'Newcomblike' Video Game: Frozen Synapse

by AdeleneDawner1 min read29th Sep 201127 comments


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Disregarding for the moment the question of whether video games are a rational use of one's time:

Frozen Synapse is a turn based strategy combat game that appears to be particularly interesting from a rationalist standpoint. I haven't played it, but according to the reviews, it's actually a combination of turn-based and real-time play. Each turn encompasses 5 seconds of realtime, but that 5 seconds of realtime doesn't happen until both players have constructed their moves, which they may take as long as they'd like to do. Constructing a move involves giving your several units and your opponent's several units commands, watching what happens when the units play out those commands, and repeating that process until one has a set of commands for one's units that one considers optimal given what one predicts one's opponent will do. This happens on a procedurally-generated battlefield; there are reports of this occasionally giving one player or the other an insurmountable advantage, but the reviews seem to indicate that being able to play on a fresh field each time and having to think about proper use of its layout on the fly outweighs this issue.

Also, the game came to my attention because there's a Humble Bundle available for it now, which means that it can be acquired very nearly for free; just ignore the 'beat the average to get more games' hook.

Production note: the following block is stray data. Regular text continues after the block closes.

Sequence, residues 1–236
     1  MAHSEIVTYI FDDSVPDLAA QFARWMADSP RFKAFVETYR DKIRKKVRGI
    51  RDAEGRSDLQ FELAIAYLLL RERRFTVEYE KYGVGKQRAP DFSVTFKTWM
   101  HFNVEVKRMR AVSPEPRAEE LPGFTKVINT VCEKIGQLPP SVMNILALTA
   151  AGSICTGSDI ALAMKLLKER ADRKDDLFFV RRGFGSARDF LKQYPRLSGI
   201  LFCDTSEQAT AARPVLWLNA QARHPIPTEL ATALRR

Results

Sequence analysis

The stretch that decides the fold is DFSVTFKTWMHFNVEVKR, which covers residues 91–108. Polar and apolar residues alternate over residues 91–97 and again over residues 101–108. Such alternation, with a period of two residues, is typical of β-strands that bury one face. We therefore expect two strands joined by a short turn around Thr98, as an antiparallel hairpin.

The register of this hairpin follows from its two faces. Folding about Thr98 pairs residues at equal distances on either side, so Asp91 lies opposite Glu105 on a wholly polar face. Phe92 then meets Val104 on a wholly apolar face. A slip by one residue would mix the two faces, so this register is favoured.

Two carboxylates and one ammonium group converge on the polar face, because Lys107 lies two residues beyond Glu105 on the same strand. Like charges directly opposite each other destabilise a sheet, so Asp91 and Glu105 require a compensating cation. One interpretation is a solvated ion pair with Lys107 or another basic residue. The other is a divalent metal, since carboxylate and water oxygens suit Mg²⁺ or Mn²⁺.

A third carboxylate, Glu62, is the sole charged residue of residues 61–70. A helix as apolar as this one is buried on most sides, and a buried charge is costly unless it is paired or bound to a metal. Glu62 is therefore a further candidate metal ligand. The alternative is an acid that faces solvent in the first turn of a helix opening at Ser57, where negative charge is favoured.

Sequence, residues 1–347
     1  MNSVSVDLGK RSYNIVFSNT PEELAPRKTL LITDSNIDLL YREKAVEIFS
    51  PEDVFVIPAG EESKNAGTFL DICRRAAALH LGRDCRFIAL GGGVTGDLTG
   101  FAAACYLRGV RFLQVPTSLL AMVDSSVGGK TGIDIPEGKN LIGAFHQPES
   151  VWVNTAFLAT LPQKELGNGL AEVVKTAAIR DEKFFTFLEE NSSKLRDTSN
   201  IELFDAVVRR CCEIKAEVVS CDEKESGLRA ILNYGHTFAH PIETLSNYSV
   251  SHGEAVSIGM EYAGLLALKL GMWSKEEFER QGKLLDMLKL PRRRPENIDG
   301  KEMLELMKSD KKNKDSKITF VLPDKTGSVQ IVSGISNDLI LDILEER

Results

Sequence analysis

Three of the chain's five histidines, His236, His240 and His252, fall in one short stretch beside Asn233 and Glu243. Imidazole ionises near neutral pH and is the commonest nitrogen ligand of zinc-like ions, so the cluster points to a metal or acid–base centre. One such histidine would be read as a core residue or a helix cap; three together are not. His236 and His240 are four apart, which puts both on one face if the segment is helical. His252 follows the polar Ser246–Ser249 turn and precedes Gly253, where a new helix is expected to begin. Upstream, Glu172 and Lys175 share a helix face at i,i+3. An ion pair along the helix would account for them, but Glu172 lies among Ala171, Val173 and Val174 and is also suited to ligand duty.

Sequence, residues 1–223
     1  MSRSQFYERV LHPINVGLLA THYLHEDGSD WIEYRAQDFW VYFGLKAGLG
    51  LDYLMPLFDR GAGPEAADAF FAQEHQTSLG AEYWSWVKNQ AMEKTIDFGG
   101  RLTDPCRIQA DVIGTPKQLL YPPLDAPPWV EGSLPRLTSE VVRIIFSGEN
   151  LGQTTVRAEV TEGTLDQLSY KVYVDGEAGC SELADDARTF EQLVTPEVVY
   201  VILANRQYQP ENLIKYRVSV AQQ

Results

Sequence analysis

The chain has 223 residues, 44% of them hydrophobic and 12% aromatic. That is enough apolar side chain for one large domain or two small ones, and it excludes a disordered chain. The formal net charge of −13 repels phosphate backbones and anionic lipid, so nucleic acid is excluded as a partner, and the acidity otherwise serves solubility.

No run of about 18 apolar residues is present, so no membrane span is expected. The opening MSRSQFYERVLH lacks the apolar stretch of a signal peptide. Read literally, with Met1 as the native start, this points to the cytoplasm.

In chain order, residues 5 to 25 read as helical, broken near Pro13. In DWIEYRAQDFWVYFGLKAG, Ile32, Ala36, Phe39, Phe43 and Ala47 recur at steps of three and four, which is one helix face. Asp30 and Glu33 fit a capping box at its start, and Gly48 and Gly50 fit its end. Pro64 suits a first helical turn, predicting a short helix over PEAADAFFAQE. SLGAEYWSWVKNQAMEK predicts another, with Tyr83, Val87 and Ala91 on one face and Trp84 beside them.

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Let's not call shoes we like "rationalist shoes".

Edit: (Original title of the post was "Rationalist Video Game: Frozen Synapse".)

CARSON (turning to KEITH): Keith, would you like a cigarette? Here, this is a particularly rational brand.

KEITH (a bit bemused): "Rational...?" (A slight pause) Oh, I'm sorry, thank you. I don't smoke.

(Exclamations of disapproval from JONATHAN and GRETA.)

GRETA (lashing out): You don't smoke! Why not?

KEITH (taken back): Well, uh... because I don't like to.

CARSON (in scarcely-controlled fury): You don't like to! You permit your mere subjective whims, your feelings (this word said with utmost contempt) to stand in the way of reason and reality?

-Mozart Was a Red: A Morality Play In One Act, by Murray Rothbard

I think it has a deeper connection than being "a game rationalists like": it seems like an actual game where you can practice conditioning on the other player's decision theory, because, IIUC, you learn the various ways they would respond to various choices you make. And conditioning on another's subjunctive output is a crucial element of the Newcomblike decision theory problems we talk about here, and discussed mainly in that context.

This is the aspect I was looking at, yes. I wasn't sure how to condense it to a few words suitable for a title.

Very true - but then I would call it a Newcomblike Video Game. Which is actually juicier than Rationalist Video Game, come to think of it.

Should I change the title? I was under the impression that doing so is frowned on.

Less frowned on than "mis-using the word rationalist in the eyes of the community", I would wager. (Yeah, change it).

I see where you're coming from, but the majority of competitive games have a large element of modeling your opponent and predicting his actions. Without playing this one, it seems pretty silly to advertise it as exceptional.

If you play it and learn something in particular that's interesting from it, then I look forward to that post.